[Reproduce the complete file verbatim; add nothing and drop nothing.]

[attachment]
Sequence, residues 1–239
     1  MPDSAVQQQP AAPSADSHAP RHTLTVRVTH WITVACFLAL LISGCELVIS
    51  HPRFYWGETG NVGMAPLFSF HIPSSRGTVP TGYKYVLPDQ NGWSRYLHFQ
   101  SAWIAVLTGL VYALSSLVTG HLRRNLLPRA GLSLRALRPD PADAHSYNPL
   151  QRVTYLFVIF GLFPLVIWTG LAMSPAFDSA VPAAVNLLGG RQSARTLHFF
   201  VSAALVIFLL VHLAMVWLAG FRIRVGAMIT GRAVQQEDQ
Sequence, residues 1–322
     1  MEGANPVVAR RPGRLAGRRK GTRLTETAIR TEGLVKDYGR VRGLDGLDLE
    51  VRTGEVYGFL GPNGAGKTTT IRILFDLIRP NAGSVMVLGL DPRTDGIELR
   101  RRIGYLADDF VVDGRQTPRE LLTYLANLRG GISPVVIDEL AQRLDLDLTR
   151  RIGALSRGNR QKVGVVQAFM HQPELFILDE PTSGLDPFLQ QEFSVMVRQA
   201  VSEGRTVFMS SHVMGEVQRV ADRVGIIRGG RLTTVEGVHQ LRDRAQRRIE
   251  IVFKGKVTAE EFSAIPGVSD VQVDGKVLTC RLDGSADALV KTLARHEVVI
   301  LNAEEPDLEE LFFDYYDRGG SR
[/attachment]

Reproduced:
Sequence, residues 1–239
     1  MPDSAVQQQP AAPSADSHAP RHTLTVRVTH WITVACFLAL LISGCELVIS
    51  HPRFYWGETG NVGMAPLFSF HIPSSRGTVP TGYKYVLPDQ NGWSRYLHFQ
   101  SAWIAVLTGL VYALSSLVTG HLRRNLLPRA GLSLRALRPD PADAHSYNPL
   151  QRVTYLFVIF GLFPLVIWTG LAMSPAFDSA VPAAVNLLGG RQSARTLHFF
   201  VSAALVIFLL VHLAMVWLAG FRIRVGAMIT GRAVQQEDQ
Sequence, residues 1–322
     1  MEGANPVVAR RPGRLAGRRK GTRLTETAIR TEGLVKDYGR VRGLDGLDLE
    51  VRTGEVYGFL GPNGAGKTTT IRILFDLIRP NAGSVMVLGL DPRTDGIELR
   101  RRIGYLADDF VVDGRQTPRE LLTYLANLRG GISPVVIDEL AQRLDLDLTR
   151  RIGALSRGNR QKVGVVQAFM HQPELFILDE PTSGLDPFLQ QEFSVMVRQA
   201  VSEGRTVFMS SHVMGEVQRV ADRVGIIRGG RLTTVEGVHQ LRDRAQRRIE
   251  IVFKGKVTAE EFSAIPGVSD VQVDGKVLTC RLDGSADALV KTLARHEVVI
   301  LNAEEPDLEE LFFDYYDRGG SR